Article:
In this article, I’ll answer some questions you should be asking if you’re thinking about hiring an executive search firm to support your company’s hiring needs.&
I’ll also share some terminology that is used in the search industry that seemingly never gets defined for clients.&
Sometimes we have potential candidates asking to hire our services. Let me clarify; candidates don’t pay us. As a retained search firm, we are paid by the organization doing the hiring. They engage our services to find and vet the perfect candidate for their new executive position.
If you are a candidate, don’t rely on search firms requiring you to pay for their services. Instead, leverage networking to your advantage; ensure your LinkedIn and CV are updated to reflect all your skills and work history.&
By networking with your current peers and maintaining an active online presence, you increase your chances of attracting the right people who will place you in your dream job.&
You’ll see these terms in many presentations from search firms, and the core difference is tied to payments.&
Retained firms enter into a contractual agreement to support an organization on a given search project, with defined payments throughout the course of the engagement.
Contingent firms are generally only paid if one of their candidates is hired. These firms are incentivized to provide a multitude of CVs as quickly as possible because they’re often non-exclusive—they are competing against other contingent firms to get their candidate into your company. This model works well for mid-tier and line positions where organizational fit is not as important.
A retained firm provides a more premier, personal service. Retained executive search firms often spend a good deal of time learning about your business, organizational issues, and opportunities, to ensure that the candidates presented are right for your organization.&
“A retained firm provides a more premier, personal service.”
Undoubtedly, the retained executive search model is more expensive and often takes longer, but for senior leaders where the risk of a bad hire is very high, it is worth the expense. These are usually exclusive searches. You’re hiring one search firm to be your partner in the work.& &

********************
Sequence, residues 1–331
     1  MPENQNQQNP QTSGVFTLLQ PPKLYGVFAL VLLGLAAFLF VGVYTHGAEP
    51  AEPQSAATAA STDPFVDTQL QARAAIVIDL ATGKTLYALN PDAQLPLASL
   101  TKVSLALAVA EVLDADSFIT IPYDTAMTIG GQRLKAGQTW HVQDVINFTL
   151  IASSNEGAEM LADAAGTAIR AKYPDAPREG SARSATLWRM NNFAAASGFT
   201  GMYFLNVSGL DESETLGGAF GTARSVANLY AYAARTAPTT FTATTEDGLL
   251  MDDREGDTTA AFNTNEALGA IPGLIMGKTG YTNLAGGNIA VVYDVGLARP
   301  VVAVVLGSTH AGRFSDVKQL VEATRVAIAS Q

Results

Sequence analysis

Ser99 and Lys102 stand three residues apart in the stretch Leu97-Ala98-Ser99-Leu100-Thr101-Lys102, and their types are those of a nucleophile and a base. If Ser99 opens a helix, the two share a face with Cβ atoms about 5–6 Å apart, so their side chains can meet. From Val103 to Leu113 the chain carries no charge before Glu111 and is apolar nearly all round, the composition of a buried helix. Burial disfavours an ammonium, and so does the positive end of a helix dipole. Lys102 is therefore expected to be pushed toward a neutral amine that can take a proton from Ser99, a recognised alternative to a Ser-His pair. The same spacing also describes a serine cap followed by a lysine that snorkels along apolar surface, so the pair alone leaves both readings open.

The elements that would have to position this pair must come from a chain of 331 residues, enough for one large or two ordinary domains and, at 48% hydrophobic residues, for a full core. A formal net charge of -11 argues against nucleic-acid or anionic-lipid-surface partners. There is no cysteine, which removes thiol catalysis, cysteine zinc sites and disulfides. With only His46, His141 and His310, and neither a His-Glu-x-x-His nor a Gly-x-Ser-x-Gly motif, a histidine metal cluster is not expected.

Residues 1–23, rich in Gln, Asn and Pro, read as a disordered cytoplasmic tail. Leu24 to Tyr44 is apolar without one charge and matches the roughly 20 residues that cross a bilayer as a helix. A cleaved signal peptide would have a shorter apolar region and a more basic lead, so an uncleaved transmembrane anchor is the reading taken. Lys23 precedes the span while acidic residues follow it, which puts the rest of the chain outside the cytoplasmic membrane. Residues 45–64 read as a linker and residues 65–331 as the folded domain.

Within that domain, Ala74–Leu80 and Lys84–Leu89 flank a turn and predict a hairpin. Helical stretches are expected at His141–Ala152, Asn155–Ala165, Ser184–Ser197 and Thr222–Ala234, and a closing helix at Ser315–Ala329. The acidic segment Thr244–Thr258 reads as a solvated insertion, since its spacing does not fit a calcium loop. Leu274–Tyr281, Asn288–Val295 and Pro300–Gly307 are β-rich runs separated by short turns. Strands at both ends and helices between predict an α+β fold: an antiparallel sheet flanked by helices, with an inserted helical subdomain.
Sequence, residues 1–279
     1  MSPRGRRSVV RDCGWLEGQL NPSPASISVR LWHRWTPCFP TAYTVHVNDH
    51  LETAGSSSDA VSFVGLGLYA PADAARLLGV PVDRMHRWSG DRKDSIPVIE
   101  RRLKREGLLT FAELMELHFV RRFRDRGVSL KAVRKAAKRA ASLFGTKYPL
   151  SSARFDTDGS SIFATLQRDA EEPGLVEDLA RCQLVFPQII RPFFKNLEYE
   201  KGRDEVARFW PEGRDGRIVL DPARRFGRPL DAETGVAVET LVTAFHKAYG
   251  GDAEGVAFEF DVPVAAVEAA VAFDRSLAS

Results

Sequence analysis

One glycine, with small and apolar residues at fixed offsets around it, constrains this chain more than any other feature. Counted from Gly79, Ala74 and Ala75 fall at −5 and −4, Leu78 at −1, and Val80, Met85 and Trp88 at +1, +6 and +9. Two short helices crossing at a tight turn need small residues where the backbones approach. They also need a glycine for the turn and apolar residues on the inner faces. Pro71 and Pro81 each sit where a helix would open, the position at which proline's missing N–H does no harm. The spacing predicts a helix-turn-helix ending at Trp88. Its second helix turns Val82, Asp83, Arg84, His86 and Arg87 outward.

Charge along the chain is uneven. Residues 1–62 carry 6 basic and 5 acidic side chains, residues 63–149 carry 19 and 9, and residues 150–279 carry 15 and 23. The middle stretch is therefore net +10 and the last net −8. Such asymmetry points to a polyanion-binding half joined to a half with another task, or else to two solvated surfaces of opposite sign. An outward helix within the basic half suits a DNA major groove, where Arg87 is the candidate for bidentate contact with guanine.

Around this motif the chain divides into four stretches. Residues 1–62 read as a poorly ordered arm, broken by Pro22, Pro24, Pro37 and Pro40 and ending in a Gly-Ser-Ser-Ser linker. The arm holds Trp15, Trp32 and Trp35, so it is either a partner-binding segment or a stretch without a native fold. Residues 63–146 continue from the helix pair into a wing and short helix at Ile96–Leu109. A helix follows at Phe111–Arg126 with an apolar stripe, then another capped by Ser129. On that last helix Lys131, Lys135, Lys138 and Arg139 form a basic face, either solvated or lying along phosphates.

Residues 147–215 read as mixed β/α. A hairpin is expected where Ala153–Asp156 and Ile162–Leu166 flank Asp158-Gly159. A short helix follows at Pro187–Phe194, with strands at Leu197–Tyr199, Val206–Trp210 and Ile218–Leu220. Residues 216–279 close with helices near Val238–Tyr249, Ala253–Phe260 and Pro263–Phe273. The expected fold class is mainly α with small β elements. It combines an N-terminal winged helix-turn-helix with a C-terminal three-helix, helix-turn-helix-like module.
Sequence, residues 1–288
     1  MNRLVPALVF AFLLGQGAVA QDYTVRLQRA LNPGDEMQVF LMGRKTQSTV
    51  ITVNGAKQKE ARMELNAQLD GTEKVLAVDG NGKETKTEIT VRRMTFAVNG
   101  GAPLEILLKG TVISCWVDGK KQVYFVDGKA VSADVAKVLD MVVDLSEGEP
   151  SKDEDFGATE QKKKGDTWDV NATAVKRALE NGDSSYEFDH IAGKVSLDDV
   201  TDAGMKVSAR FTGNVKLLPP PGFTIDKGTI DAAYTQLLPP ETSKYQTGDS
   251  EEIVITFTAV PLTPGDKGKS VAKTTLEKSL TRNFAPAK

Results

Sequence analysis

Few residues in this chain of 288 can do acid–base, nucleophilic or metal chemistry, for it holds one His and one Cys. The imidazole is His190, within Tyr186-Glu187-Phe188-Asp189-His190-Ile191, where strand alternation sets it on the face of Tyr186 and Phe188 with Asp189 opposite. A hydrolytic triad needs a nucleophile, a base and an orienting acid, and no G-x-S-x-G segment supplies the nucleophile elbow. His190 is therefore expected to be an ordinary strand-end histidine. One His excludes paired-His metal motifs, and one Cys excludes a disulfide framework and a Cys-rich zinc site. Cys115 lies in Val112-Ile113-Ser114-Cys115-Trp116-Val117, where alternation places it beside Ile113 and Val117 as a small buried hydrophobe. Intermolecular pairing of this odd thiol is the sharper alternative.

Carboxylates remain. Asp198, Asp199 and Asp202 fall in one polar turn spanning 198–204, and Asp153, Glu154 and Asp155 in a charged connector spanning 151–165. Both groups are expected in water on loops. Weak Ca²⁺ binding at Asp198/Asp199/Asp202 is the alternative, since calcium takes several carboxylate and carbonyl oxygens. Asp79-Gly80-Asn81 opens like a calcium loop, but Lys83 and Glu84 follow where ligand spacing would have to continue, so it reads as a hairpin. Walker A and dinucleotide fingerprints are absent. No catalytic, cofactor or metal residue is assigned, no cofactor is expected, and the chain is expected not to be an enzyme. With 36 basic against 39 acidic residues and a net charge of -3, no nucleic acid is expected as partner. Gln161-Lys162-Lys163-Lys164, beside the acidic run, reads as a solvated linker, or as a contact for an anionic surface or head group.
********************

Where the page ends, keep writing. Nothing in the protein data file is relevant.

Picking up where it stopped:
When you’re talking to search firms, inquire about their process. The job of an executive search firm isn’t just to bring great talent, but to bring the right talent to your organization.&
If you’re searching for a Chief Financial Officer, for example, we see competitors who might present a set of CFO candidates at your first or second meeting. This might seem impressive at first, but it’s important to really scrutinize and ask, “Why these candidates? How will they fit within your organization and leadership team? What do they add culturally to the team?”
There is no guarantee that the candidates will be a cultural or skill match, and the search firm may have a lesser understanding of the organization, culture, and needs of your organization.
As a result, Stanton Chase begins every search by refining our knowledge of our client. We want to learn the values that drive the company, its organizational structure, what success looks like, and how the organization defines success.
Our team speaks with people across the organization to get a broad perspective of what is happening in the company and the expectations for the role being filled.&
Our consultants then use their new understanding and knowledge to frame the position around the needs and preferences of relevant parties. This provides us with the necessary information to identify and reach out to candidates who are culturally aligned with the company’s vision and will thrive in their new role.